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David Beatty

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Sea Fighting Of Helgoland August 28 191


By David Beatty
World War 1

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David Beatty, 1st Earl Beatty

 David Beatty, 1st Earl Beatty
 
David Beatty, 1st Earl Beatty
Rear Admiral David Beatty.
Rear Admiral David Beatty.

Admiral of the Fleet David Beatty, 1st Earl Beatty (17 January 1871 – 11 March 1936), was an admiral in the Royal Navy.

Contents

Early career

Born in Nantwich, Cheshire, he joined the Royal Navy in January 1884. He served as a midshipman on the Mediterranean Fleet flagship HMS Alexandria, from 1886 until 1888, when he was transferred to HMS Cruiser. He was at the gunnery school, HMS Excellent from 1890 until 1892 when he was promoted to lieutenant. He was on the corvette HMS Ruby until 1893, when he was transferred to the battleship HMS Camperdown until 1895. Ironically, he joined the ship shortly after a collision between it and HMS Victoria had nearly killed his future commander-in-chief at the Battle of Jutland, John Jellicoe, 1st Earl Jellicoe. Following Camperdown he was transferred to the battleship HMS Trafalgar. In 1897, he was given his first command, the destroyer HMS Ranger.

Beatty gained recognition in the recapture of the Sudan (1897-1899), where he was selected as second in command by Lord Kitchener for his Khartoum expedition. He was promoted to commander during the expedition, in 1898 at the early age of 27 over the heads of many senior officers.

He gained further recognition as a member of the British naval brigade during the Boxer Rebellion (1900), which he joined from the battleship HMS Barfleur on the China Station where he was second in command. During the capture of Tientsin in June, he was twice wounded in an arm, and rewarded for his bravery with a promotion. At the age of 29, Beatty became the youngest Captain in the Royal Navy. The average age for a newly promoted Captain at the time was 43.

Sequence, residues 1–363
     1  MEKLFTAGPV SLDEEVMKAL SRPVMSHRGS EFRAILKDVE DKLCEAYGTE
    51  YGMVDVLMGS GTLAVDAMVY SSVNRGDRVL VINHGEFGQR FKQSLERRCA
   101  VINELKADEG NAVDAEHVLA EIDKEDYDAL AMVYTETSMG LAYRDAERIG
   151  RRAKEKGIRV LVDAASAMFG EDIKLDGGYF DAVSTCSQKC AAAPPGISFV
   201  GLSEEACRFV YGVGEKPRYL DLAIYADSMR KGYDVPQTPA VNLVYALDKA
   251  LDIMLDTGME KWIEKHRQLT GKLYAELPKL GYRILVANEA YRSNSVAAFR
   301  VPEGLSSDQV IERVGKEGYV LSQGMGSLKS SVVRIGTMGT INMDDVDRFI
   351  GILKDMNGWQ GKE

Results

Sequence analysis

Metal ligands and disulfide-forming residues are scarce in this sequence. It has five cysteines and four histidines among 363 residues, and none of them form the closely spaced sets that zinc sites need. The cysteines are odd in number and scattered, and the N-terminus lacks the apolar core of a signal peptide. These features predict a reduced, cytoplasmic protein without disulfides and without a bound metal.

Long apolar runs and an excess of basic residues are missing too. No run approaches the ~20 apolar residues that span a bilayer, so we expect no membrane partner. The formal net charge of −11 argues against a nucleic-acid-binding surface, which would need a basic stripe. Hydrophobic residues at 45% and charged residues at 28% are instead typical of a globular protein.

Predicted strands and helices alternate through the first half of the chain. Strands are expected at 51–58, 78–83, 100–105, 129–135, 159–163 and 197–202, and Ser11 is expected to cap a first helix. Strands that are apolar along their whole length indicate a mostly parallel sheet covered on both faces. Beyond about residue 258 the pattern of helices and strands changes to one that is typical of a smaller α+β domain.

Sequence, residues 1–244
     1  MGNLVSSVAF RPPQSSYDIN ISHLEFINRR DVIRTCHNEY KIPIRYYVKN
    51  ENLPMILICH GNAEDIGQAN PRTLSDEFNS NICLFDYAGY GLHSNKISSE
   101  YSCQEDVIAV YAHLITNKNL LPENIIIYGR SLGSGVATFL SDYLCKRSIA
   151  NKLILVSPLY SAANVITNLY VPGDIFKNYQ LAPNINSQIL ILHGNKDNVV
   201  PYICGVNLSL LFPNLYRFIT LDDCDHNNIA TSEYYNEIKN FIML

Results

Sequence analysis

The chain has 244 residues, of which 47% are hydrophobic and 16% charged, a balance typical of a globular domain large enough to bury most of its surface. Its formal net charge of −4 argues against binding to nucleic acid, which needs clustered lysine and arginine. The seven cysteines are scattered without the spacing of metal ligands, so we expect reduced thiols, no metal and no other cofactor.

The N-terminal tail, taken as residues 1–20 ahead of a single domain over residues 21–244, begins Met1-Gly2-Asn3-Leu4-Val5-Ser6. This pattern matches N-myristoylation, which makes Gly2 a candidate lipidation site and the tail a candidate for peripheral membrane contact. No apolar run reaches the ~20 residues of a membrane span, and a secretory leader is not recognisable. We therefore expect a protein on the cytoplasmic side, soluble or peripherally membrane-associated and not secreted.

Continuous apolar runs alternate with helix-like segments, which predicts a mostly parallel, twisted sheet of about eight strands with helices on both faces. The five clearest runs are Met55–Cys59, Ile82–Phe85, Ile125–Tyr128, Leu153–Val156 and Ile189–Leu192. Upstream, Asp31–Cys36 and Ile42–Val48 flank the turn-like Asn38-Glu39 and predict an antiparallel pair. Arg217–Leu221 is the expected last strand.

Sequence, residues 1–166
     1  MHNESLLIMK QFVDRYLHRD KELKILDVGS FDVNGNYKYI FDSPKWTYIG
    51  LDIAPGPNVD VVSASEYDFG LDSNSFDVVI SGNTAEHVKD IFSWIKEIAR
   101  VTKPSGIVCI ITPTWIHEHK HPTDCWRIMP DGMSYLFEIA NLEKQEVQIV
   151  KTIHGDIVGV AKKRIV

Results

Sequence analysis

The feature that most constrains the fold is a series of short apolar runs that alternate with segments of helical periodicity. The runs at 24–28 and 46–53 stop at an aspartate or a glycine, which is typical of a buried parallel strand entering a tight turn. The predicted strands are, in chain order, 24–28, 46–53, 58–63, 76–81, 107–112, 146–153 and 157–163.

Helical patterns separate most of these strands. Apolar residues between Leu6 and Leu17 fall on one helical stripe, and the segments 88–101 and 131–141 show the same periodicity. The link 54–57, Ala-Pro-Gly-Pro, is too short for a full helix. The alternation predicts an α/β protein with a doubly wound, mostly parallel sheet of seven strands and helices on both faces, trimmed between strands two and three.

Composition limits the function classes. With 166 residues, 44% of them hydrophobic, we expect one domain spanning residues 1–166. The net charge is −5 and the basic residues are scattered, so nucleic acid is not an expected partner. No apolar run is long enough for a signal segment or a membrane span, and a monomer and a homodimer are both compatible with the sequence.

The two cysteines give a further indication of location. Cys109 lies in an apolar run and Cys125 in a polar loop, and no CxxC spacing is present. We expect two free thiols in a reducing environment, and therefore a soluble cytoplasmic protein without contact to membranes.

Advancement

In 1900, he married a wealthy heiress, Ethel Tree, the divorced only daughter of department store founder Marshall Field, and this allowed him much independence that most other officers lacked. She is reputed to have commented after he was threatened with disciplinary action following the straining of his ship's engines "What? Court martial my David? I'll buy them a new ship" [1]. She had bought him a steam yacht, houses in London and in the Leicestershire hunting country, and a Scottish grouse moor. The couple circulated in high society, even occasionally dining with the King. However, there were disadvantages, as Beatty discovered after his marriage, for his wife was an unstable neurotic who caused him extreme mental tortures. Beatty was an intelligent and able leader, but all his social and sporting obligations, coupled with his high-strung temperament, prevented him from becoming a coldly calculating professional like Jellicoe – or his adversary, Hipper. Beatty’s flamboyant style included wearing a non-standard uniform, which had six buttons instead of the regulation eight on the jacket, and always wearing his cap at an angle.

He was captain of HMS Duke of Wellington from 1900 to 1902 and of the cruisers HMS Juno, HMS Arrogant in 1903-1904 and HMS Suffolk from 1904 until 1905. He then became the naval advisor to the Army Council in 1906.

He was made captain of the battleship HMS Queen in 1908 and promoted to Rear Admiral on 1 January 1910, becoming, at 39, the youngest admiral in the Royal Navy, except for Royal family members, since Horatio Nelson.

He was offered the post of second-in-command of the Atlantic Fleet, but declined it and asked for one in the Home Fleet. As the Atlantic Fleet post was a major command, the Admiralty were very unimpressed and his attitude nearly ruined his career. He was put on half pay in 1912, but his career was saved when the new First Lord of the Admiralty, Winston Churchill, whom he knew from the Sudan, appointed him private secretary. From 1912 to 1916, he commanded the 1st Battlecruiser Squadron.